Jim Colburn
Don't Ask

Oh, Those Wild and Crazy Frogs

You have got to love the French. Just when it seems that the world is going to hell in a handbasket they do something that's just so darn.... French...... that it brings a smile to your face.

I don't know if this story is true (Who cares? It's a great story) but reports from a couple of well-respected French papers say that Corbis has tried to lay off all of their French (or Paris based) photographers and just sell what they've got in the files (the computer files any way since they've stuck most of their real pictures in a hole-in-the-ground in Pennsylvania.) The story goes that upon hearing of their pending dismissal (and the dismissal of 20 or so office staff) the photographers went on strike! And supposedly photographers from another French agency came out in support of their brothers and sisters at Corbis Sygma!

Imagine it. A group of khaki-clad photographers in need of a shower standing at the gates of Kanduhar with their arms folded and cameras unloaded. Paparazzi refusing to board their scooters to chase Nicole Kidman and her new date. A hearty one-fingered salute to the assignment editor that asks for, no... demands, coverage of the Prime Minister's visit to a horse show.

Sorry. We're on strike.

I don't know if anyone remembers but a few years ago the photographers of Paris were pissed off at the treatment being accorded them by the press staff at the Elysee Palace (the French White House) so they downed their cameras and went on strike. At an important photo-op the President of the Republic escorted his important guest down a red carpet and on either side of the carpet were photographers, their cameras on the ground and their backs to the stars of the show. How do we know this? They had one designated photographer record their protest for historical purposes...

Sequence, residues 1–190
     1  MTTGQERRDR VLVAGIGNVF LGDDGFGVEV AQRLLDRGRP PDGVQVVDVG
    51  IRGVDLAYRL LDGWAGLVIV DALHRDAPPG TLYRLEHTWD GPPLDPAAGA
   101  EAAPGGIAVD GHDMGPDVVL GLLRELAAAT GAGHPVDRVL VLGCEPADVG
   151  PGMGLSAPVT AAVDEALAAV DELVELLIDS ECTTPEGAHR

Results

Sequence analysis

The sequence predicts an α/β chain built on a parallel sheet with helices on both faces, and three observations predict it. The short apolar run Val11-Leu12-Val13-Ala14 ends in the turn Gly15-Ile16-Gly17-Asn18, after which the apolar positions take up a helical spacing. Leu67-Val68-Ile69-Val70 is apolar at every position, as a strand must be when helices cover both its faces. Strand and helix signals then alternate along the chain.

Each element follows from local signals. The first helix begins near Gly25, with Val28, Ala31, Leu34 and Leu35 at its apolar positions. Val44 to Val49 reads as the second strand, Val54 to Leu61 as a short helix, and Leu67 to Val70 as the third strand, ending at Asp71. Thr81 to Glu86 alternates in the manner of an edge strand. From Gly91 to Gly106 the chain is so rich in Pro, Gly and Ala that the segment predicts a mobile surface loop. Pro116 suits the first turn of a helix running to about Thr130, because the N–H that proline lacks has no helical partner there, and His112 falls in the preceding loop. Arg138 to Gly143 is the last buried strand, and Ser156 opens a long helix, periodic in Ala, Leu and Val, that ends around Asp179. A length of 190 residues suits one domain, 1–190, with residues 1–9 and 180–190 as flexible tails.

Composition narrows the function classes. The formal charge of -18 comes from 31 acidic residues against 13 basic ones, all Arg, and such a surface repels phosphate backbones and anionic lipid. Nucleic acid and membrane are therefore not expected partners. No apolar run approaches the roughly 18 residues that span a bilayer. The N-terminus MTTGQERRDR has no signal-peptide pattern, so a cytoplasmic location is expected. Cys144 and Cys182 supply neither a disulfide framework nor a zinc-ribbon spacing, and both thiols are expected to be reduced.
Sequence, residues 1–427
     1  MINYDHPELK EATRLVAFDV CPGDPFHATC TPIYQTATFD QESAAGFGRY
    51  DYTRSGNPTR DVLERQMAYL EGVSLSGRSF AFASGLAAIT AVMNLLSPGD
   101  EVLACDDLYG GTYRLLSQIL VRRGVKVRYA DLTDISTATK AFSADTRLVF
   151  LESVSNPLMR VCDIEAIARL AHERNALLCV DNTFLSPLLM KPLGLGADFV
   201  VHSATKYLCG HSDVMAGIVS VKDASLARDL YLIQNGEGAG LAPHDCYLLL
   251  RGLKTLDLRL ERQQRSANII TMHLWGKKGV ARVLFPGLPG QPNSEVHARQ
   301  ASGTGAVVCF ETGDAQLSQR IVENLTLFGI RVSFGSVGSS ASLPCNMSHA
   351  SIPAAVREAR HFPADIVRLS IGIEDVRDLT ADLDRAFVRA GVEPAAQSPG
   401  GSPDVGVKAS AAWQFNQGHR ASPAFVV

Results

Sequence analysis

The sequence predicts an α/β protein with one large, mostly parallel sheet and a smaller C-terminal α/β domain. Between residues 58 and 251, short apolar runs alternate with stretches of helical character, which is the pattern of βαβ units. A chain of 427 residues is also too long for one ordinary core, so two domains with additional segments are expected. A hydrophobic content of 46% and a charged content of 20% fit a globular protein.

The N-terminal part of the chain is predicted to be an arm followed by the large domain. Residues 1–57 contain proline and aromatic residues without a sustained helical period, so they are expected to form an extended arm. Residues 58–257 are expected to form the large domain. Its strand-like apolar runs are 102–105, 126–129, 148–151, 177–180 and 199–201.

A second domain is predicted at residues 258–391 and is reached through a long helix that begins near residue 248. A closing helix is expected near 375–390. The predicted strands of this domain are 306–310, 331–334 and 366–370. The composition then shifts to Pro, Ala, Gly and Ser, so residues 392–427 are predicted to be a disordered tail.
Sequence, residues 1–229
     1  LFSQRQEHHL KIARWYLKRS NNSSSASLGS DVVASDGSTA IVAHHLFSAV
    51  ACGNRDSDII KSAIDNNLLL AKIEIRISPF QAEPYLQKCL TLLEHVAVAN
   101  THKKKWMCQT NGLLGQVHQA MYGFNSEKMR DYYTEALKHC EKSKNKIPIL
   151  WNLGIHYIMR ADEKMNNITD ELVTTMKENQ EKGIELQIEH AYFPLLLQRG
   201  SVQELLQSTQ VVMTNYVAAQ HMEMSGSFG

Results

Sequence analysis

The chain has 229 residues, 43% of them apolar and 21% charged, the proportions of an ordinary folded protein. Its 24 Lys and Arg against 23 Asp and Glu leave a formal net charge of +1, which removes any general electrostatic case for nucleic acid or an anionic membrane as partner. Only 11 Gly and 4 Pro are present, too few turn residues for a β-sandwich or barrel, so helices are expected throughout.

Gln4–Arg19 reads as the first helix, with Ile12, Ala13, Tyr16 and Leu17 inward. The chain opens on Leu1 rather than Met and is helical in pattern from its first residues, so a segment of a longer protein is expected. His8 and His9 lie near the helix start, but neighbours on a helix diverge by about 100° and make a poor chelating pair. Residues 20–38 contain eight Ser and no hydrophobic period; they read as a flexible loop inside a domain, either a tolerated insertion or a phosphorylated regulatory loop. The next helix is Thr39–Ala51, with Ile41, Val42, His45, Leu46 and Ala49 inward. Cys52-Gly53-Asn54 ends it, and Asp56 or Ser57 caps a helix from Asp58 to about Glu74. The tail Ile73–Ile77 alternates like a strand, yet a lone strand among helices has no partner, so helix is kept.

At least they're doing something. When photographers were presented with an appalling contract by a wire service (you know the one, "We'll give you $100, take all the rights and YOU have to pay for the film and parking") they rolled over and took it. When a few brave souls formed an association for freelance photographers they were ignored for the most part and faded away. I've heard that some photographers in Boston are fighting a newspaper's attempts at a rights grab but since there's always a few people that will work for minimum wage and a chance to see their photos in print I don't hold out much hope for them.

If you're a photographer, the next time you're at an event, try making contact with a few of the shooters around you. Swap cards and email addresses. Go out for drinks once in a while. Stop thinking of absolutely EVERYONE as "the competition" because you might need each other some day.

Denial ain't just a river in Egypt and Solidarity ain't just a bunch of Polish shipyard workers.

James Colburn
Contributing Writer

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